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It is a very common misconception that moving in together as a couple creates a “common law marriage” and gives you the same rights in relation to each other’s property and finances, as you would have if you were married. This, however, is not the case. Unfortunately for those simply cohabiting, the law offers very minimal, if any, protection both during the time you live together and following the breakdown of a relationship.

You do not automatically gain rights to the family home, for example if you’re not joint owners, or each other’s belongings or assets and neither party is legally obliged to financially support the other. Save for possessions that you have both contributed towards and jointly own, it is generally a case of “what’s mine is mine” and “what’s yours is yours”. Whilst this may have minimal detrimental effect during the time you are living together, if the relationship breaks down, the reality is one party could all of a sudden be left with nothing. This is where cohabitation agreements fill a massive gap in the law.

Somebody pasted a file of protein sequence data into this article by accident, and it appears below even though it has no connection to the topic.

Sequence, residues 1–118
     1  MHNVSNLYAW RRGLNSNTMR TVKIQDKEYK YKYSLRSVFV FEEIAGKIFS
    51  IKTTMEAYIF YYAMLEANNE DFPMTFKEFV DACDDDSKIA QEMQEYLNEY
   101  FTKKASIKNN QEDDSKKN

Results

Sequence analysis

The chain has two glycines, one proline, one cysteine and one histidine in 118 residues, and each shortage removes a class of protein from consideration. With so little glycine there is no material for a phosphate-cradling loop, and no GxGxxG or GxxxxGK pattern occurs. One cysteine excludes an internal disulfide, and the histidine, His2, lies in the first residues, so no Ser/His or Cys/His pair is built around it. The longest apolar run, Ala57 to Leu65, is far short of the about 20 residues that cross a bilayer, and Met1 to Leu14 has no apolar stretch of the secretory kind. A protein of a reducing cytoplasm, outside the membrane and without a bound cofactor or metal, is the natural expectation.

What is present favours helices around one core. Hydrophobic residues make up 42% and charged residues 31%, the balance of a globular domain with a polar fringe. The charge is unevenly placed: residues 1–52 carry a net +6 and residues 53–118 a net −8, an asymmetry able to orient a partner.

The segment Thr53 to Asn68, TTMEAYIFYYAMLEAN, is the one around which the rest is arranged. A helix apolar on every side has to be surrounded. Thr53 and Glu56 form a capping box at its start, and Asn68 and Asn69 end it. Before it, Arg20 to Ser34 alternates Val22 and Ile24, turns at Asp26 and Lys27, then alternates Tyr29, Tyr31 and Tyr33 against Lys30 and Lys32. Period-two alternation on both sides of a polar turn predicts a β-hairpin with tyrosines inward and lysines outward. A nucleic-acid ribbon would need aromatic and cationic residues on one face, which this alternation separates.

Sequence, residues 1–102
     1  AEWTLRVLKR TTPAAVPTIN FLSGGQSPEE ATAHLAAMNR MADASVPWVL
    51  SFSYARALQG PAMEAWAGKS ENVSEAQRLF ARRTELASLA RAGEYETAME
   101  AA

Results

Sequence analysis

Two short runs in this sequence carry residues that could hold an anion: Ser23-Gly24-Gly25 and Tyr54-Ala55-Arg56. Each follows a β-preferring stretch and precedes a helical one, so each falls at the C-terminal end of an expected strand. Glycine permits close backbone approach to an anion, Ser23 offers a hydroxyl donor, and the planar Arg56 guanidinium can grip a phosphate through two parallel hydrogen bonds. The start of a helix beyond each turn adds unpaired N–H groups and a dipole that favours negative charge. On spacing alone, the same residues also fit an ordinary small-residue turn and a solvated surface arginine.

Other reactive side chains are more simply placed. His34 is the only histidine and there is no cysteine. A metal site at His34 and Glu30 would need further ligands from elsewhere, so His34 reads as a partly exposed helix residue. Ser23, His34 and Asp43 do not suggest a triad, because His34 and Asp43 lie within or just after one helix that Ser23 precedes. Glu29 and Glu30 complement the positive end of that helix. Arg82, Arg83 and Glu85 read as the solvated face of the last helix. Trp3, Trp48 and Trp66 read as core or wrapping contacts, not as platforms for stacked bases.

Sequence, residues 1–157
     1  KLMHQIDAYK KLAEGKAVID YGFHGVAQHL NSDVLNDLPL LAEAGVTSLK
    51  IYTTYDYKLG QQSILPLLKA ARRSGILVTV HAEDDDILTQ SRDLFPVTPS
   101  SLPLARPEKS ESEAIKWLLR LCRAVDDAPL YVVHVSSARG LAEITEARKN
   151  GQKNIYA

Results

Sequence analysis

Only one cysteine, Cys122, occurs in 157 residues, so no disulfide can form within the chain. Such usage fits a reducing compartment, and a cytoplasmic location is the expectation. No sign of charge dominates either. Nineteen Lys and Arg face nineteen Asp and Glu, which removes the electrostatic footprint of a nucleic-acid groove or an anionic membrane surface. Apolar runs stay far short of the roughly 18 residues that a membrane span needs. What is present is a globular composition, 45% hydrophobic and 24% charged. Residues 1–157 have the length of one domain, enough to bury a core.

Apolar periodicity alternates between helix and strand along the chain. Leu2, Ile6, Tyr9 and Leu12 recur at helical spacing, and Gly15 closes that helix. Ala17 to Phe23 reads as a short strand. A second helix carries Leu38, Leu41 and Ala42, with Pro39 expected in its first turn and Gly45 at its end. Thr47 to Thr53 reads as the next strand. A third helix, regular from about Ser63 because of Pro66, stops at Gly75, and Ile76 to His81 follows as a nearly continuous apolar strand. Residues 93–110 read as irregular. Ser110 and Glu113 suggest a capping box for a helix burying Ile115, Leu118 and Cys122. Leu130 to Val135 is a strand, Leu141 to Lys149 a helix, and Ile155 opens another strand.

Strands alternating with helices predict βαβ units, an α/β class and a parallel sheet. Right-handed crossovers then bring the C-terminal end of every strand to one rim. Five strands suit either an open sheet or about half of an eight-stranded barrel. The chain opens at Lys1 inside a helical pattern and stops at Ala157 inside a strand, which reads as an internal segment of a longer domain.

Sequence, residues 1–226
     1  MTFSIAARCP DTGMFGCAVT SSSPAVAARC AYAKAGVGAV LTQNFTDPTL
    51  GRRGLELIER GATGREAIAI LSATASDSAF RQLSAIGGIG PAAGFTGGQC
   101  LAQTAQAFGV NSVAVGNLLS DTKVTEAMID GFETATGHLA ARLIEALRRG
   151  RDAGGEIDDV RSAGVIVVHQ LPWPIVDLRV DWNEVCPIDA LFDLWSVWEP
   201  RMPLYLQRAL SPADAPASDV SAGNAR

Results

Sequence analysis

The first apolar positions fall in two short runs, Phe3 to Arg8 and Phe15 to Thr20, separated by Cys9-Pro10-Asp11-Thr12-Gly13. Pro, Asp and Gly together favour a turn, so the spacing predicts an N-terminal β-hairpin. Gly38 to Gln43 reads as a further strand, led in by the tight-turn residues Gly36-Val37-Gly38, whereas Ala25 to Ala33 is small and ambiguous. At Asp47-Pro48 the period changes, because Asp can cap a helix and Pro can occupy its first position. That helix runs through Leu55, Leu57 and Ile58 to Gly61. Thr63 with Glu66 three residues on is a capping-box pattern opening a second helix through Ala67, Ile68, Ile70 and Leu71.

A cohabitation agreement or a living together agreement is an agreement both parties enter into to regulate their financial affairs whilst cohabiting and to set out how any property and money will be divided should the relationship end. Such agreement is executed by way of a deed and is therefore legally binding as long as both parties have obtained appropriate independent legal advice.

Provisions you may wish to include for during the relationship include arrangements for: –

  • Payment of household expenses
  • Payment of the mortgage
  • Contributions towards joint bank accounts

Provisions you may wish to include in the event of the relationship breaking down include arrangements for: –

  • Dealing with the family home, for example, whether you would sell it or have the option to buy out the other person’s share
  • Financial support for either party
  • Division of your respective and joint property and assets

Whilst it may not be the most romantic gesture to start assessing your financial positions and considering what will happen if your relationship ends, there are 2 main advantages to having a cohabitation agreement drawn up: –

  • ·      Certainty – both parties will know exactly where they stand in terms of their responsibilities and entitlement to property and money
  • ·      Fairness – by amicably agreeing to how everything should be distributed in the event the relationship ends, both parties should end up in a position that adequately meets their respective needs rather than potentially leaving one party with nothing.

If a cohabitation agreement sounds like something you and your partner could benefit from, the next step is to both instruct separate solicitors and begin discussions as to what will be included in the agreement. Remember – a few potentially uncomfortable conversations now could save you a futile battle further down the line if something goes wrong!

Nikol Loutchanska